Scotland's First Minister Humza Yousaf, who is pro-Erdogan and of Pakistani origin, resigns amid controversy

Humza Yousaf Scotland

Humza Yousaf confirmed he is resigning as First Minister of Scotland, saying he was unwilling to trade his principles just to win a no-confidence vote.

"After spending the weekend reflecting on what is best for my party, for the government and for the country I lead, I’ve concluded that repairing our relationship across the political divide can only be done with someone else at the helm," Yousaf said.

"I have therefore informed the SNP’s national secretary of my intention to stand down as party leader," he added.

The Scottish Conservative leader Douglas Ross said his party forced Humza Yousaf to resign by tabling a no-confidence motion last week.

Ross said: "We have forced Humza Yousaf out of office for repeatedly failing Scotland. Faced with our vote of no confidence, the SNP leader has quit rather than face a humiliating defeat. As he leaves office, on a personal level, I wish Humza Yousaf and his family well. But we cannot forgive the damage he did to families and households across Scotland by raising taxes, letting NHS waiting lists spiral and attacking free speech."

His resignation comes only four days after he hosted a press conference to announce the end of the Bute House coalition agreement with the Scottish Greens, which cemented a progressive pro-independence majority in the Scottish parliament.

The Greens reacted furiously to the end of the coalition, and they immediately agreed to support a motion of no confidence in Yousaf’s leadership, which was brought by the Scottish Conservatives.

His considerations are further complicated by a second no-confidence vote against the Scottish government, brought by Scottish Labour, which would require the first minister and his ministers to resign if successful.

With the SNP two votes short of a majority at Holyrood, the parliamentary arithmetic is such that this leaves Yousaf dependent on the vote of the former SNP minister Ash Regan, who defected to Alex Salmond’s Alba party last October in protest at the SNP’s stance on gender recognition reform and lack of progress on independence.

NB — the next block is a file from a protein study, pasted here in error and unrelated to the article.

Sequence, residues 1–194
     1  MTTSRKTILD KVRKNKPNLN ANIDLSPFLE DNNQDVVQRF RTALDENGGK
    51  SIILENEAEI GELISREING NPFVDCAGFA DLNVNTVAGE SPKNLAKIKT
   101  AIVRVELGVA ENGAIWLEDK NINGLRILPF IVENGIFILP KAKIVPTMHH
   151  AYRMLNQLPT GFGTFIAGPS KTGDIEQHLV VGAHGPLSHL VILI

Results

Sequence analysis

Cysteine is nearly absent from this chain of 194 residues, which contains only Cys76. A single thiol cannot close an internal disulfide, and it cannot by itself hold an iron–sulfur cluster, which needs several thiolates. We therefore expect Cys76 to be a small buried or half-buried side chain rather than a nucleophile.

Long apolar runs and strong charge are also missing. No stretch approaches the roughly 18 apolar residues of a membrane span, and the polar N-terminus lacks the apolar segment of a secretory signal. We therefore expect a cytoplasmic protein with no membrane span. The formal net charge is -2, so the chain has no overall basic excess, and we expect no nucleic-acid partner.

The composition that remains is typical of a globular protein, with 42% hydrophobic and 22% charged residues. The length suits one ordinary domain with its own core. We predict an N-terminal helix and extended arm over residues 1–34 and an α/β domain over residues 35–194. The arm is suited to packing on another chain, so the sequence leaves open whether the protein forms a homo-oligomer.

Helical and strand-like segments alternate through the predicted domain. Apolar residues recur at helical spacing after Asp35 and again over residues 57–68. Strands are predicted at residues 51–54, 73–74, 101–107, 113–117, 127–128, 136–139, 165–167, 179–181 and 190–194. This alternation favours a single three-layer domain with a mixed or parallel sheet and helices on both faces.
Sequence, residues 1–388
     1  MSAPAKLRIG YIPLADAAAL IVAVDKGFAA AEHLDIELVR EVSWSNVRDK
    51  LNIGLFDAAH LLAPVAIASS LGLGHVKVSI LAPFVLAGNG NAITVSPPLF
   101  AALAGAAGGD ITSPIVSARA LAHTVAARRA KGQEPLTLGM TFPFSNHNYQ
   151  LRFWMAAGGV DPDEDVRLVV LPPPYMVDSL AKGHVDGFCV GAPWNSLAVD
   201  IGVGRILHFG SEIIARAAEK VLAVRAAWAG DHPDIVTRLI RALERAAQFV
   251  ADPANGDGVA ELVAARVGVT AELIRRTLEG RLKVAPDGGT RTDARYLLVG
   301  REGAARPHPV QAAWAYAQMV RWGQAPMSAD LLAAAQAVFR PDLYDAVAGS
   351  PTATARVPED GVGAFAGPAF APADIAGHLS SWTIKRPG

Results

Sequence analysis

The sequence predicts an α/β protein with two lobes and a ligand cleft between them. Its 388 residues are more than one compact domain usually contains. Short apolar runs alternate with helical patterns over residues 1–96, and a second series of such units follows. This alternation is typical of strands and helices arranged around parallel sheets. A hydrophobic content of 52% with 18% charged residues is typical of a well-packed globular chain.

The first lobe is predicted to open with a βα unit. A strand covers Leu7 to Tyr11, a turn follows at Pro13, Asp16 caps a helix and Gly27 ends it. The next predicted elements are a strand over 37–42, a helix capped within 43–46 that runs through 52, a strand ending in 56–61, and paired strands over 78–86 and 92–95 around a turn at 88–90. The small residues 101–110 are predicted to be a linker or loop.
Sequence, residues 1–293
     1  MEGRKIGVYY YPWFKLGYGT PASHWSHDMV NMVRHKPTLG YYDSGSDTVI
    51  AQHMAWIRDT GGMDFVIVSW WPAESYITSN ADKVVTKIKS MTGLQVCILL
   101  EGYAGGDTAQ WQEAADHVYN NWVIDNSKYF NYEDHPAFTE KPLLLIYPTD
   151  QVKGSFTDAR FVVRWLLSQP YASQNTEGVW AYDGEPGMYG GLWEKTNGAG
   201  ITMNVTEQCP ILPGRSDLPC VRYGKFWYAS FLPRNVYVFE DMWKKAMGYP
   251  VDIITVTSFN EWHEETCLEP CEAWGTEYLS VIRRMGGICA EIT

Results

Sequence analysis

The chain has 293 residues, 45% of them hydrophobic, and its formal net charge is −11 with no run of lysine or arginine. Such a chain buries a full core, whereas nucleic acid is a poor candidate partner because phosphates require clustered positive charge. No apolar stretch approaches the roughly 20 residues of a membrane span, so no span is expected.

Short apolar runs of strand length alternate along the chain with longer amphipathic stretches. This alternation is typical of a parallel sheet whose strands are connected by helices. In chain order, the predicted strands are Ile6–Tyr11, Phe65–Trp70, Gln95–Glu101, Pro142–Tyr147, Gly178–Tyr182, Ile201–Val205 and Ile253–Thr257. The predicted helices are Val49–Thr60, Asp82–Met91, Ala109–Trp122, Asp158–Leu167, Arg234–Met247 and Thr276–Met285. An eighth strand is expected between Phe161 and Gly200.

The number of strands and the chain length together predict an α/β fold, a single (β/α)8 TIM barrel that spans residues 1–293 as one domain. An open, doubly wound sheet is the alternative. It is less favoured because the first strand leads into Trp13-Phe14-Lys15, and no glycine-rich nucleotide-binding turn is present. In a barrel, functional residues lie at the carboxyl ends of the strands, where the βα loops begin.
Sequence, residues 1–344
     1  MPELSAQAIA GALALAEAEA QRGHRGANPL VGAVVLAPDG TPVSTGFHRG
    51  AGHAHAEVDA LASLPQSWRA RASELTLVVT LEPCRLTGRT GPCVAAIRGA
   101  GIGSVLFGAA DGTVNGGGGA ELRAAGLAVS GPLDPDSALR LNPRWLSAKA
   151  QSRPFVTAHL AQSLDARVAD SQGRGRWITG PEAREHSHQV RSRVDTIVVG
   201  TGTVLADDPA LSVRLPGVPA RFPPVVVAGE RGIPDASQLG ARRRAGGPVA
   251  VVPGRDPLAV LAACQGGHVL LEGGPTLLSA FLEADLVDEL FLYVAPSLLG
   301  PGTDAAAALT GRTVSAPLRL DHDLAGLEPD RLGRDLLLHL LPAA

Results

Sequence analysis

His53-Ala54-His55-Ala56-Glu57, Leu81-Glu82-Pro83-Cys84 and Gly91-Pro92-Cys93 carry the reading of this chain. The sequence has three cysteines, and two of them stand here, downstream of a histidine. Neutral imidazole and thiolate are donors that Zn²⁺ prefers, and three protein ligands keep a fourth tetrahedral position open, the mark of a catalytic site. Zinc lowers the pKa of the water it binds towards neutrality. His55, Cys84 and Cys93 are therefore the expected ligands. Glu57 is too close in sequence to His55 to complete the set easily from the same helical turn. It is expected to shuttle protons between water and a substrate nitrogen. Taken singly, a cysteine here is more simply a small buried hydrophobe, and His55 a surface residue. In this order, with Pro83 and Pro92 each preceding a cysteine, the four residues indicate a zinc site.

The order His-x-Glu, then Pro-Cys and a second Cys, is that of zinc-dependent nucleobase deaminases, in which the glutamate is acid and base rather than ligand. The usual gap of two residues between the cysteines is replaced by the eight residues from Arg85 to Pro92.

At the beginning of the year, Yousaf defended his invitation for Recep Tayyip Erdoğan to visit his country despite the Turkish president's woeful human rights record.

The now former Scottish first minister, of Pakistani origins, claimed he would raise human rights concerns with Erdoğan were they to meet in Scotland.

The Greens criticised the invite at the time.

Asked about the invitation to the Turkish president, Yousaf told reporters at Holyrood: "I said the next time he's in the United Kingdom, why not come up to Scotland."

He added, "Why on earth would Scotland not seek to engage with a NATO ally and, of course, with somebody we would seek to do business and trade with?"

Yousaf said he would raise human rights concerns "as I tend to do whenever I have meetings with international leaders."

He added: "But I should say, of course, we do that in a way that also recognises we're on a human rights journey as are other countries."

Ultimately, the Yousaf-Erdogan meeting will not materialise as the former First Minister had hoped.

READ MORE: Turkey Embeds Expansionist Claims in School Textbooks.

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